October 09, 2005

Chapter 5 (A Thousand Leagues of Wind)

enfeoffment (en fEEf ment) [en- + Old French "fief"] n : under the feudal system, the deed by which a person was given land in exchange for a pledge of service(下賜 [名] (スル) 高貴の人が、身分の低い人に物を与えること)more precisely : 知行下賜 (to grant a fief)

大 木鈴 [おおきすず] Ooki Suzu, the second and third kanji can also be pronounced, "Mokurin," the on-yomi, or Chinese reading

五山 [ござん] lit. the "five mountains" at the center of the world: Suukou (崇高), Kouzan (恒山), Kazan (華山), Kakuzan (霍山), Houzan (蓬山). Rakushun explains their significance in chapter 38 of Shadow of the Moon. As Ono describes them, these five mountains closely align with the actual Five Great Mountains of China.

Although the facility for natural language acquisition (that is, learning a language without formal instruction) deteriorates markedly with puberty, younger teenagers are still capable of achieving high levels of communicative competence. The most common artifact of late acquisition is pronunciation. A favorite example of linguists is Henry Kissinger, who arrived in the United States at age 14 and speaks English with a strong German accent. His brother, two years younger, has no accent.

But even that barrier can be overcome. Listen to Robert Cringely's interview with Max Levchin and keep in mind that Levchin came to the U.S. from Ukraine at age 16. I've personally known several Japanese who didn't live in an "immersion" environment until they attended university in the U.S., and yet, like Levchin, speak English almost accent-free. So it can be done. Or at least you can get close.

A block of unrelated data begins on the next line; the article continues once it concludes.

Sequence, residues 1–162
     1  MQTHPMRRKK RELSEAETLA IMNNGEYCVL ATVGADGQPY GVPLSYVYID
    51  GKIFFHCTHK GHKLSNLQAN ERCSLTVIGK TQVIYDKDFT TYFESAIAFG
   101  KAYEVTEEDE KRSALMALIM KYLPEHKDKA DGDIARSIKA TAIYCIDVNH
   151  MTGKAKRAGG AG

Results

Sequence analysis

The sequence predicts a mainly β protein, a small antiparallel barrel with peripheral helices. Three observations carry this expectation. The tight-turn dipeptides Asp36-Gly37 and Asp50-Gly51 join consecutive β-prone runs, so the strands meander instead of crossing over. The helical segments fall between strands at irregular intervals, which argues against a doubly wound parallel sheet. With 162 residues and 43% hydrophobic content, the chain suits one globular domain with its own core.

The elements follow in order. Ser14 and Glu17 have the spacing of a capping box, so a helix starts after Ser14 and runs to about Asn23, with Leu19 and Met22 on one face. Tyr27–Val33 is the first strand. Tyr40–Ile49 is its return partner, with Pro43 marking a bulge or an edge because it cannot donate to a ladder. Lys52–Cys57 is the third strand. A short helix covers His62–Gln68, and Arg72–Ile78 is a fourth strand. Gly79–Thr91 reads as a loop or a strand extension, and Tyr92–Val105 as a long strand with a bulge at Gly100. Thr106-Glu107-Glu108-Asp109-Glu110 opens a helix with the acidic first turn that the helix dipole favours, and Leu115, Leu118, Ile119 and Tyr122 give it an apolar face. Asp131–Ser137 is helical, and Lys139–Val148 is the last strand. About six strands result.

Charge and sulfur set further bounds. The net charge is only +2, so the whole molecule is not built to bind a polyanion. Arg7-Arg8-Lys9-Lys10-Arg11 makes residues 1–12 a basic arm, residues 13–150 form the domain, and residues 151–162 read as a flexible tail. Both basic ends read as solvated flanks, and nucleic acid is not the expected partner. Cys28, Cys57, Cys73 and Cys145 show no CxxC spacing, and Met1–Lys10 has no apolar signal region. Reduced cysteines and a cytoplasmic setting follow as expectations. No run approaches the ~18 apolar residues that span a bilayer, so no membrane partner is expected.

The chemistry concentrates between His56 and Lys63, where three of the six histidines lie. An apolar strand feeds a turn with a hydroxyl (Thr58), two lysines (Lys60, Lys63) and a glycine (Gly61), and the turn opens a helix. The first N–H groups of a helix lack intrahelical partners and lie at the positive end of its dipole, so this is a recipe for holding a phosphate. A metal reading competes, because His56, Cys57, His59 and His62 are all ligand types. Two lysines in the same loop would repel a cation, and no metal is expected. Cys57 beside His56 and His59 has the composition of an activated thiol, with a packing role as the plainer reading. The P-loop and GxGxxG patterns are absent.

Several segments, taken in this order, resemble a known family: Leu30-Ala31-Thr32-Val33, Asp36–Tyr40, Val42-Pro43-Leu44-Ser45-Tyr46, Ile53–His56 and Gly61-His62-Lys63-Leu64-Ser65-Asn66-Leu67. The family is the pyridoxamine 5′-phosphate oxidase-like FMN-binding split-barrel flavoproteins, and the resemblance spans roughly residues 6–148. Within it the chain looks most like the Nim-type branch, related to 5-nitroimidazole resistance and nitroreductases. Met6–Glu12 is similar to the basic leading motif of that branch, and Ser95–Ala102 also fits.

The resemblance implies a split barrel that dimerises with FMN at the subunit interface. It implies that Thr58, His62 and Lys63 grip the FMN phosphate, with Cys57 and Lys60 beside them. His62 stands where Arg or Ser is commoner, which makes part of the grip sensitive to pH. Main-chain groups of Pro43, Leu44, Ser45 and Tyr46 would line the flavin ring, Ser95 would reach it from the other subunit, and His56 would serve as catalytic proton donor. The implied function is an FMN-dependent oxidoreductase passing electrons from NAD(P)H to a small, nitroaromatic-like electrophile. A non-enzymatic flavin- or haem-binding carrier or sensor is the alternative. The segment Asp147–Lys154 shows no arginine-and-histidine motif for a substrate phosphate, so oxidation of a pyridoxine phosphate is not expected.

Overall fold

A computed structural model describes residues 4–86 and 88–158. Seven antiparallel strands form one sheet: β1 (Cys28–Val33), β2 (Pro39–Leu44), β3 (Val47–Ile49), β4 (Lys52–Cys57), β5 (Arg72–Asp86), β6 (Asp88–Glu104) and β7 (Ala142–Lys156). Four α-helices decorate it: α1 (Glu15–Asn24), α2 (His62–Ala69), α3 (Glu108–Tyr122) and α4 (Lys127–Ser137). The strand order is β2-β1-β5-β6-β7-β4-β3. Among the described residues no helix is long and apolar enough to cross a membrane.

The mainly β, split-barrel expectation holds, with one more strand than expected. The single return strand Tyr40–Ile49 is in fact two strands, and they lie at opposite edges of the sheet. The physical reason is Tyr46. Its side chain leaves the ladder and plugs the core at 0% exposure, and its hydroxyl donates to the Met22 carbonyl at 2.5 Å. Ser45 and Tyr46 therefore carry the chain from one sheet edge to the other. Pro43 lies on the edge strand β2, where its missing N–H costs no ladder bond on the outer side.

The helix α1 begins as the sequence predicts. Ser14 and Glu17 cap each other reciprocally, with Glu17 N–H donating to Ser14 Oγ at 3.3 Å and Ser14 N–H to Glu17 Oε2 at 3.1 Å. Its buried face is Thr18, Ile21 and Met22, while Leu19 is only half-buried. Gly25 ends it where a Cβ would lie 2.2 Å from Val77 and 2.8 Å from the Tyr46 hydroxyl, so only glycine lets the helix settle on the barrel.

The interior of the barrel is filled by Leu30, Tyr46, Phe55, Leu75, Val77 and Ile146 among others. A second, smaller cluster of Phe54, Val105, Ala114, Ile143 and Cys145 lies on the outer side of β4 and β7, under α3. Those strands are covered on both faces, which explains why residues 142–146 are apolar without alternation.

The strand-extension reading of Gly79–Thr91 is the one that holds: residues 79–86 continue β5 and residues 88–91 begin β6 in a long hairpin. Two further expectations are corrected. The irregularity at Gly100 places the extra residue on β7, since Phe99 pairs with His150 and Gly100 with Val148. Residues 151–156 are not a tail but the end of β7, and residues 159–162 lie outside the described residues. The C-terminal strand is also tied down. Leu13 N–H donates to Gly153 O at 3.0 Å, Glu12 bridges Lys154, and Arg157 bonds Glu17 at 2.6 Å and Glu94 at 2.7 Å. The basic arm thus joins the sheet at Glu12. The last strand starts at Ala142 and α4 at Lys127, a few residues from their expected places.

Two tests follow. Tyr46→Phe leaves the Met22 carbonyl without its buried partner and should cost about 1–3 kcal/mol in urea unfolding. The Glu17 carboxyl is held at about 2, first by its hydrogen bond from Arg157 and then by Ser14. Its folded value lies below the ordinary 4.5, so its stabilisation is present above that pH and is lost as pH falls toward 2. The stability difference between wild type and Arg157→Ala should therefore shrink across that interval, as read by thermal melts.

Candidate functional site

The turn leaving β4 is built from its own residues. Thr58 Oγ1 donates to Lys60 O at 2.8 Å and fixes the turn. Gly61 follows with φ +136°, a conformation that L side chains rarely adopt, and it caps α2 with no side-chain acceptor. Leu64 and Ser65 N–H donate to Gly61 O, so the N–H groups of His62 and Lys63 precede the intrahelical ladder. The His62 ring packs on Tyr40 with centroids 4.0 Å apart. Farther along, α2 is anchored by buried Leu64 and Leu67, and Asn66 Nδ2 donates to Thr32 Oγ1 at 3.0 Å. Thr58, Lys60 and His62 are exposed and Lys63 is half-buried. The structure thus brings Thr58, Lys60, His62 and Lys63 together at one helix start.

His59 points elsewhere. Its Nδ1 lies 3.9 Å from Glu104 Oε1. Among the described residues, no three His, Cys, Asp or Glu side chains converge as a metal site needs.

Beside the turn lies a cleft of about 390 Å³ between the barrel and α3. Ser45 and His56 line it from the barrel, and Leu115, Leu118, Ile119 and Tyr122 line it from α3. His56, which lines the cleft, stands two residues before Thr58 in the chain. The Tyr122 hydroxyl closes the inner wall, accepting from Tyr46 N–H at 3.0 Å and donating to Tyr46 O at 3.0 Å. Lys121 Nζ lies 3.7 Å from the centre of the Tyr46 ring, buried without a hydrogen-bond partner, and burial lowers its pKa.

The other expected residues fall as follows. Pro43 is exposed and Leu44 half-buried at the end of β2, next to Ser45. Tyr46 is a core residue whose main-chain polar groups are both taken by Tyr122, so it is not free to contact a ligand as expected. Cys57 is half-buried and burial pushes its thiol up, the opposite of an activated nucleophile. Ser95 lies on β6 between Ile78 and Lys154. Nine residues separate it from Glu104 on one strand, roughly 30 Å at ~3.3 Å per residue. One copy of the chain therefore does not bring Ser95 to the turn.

In Shadow of the Moon, Heki Rakujin (chapter 51), learns the language as the result of strenuous intellectual effort. In the real world, a child Suzu's age would have blown past him in raw ability in less than three years, probably in less than six months. This emphasis on formal learning reflects a bias in Japanese language education toward what Steven Krashen terms "learning" vs. "acquisition," one reason why Toudai professor Toshiyuki Shiodome states that "there's no country on earth where English language instruction is as bad as it is in Japan."

The key psychological factors at play here are ego permeability, low inhibition and curiosity. (The Tom Hanks character in Volunteers is a case in point.) Suzu's reaction to her new environment vividly and accurately illustrates one of the biggest barriers for a language learner to overcome: "People would just laugh at her when she said she didn't understand what they were saying. Eventually, Suzu stopped talking all together. It was too intimidating either to speak or be spoken to."

But who wouldn't want Ono's equivalent of Douglas Adams's "Babel Fish"? One aspect of Youko's experience that strikes me as spot-on was that despite having her ever-present Hinman to interpret for her, she had to learn the writing system separately. Indeed, for the most part (there are exceptions, and there is a lot of crossover among even disparate abilities), literacy, unlike communicative competence, must be formally learned.

才州国 [さいしゅうこく] Kingdom of Sai
保州 [ほしゅう] Ho Province
塵県 [じんけん] Jin County
琶山 [はざん] Mount Ha
翠微洞 [すいびどう] Suibi Grotto (lit. "cave of delicate green")
扶王 [ふおう] King Fu
梨耀 [りよう] Riyou
赤虎 [せつこ] Setsuko (lit. "red tiger")
笨媽 [ほんま] Honma (lit. "slovenly mare")
玉膏 [ぎょっこう] gyokkou (lit. "jewel oil")
箴魚 [しんぎょ] lit. "proverb fish"
瑶草 [ようそう] lit. "jewel-like grass"

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# posted by Anonymous Anonymous
10/17/2005 4:27 AM   
i think 五山 refers to the five mountains 蓬, 恒, 華, 崇, 霍 as a collective rather than one mountain called 五, as the name "Mount Go" might suggest.
# posted by Blogger Eugene
10/17/2005 8:14 AM   
You are correct, and it turns out that I did translate it correctly in Shadow of the Moon. I've updated the text and notes accordingly. Thanks.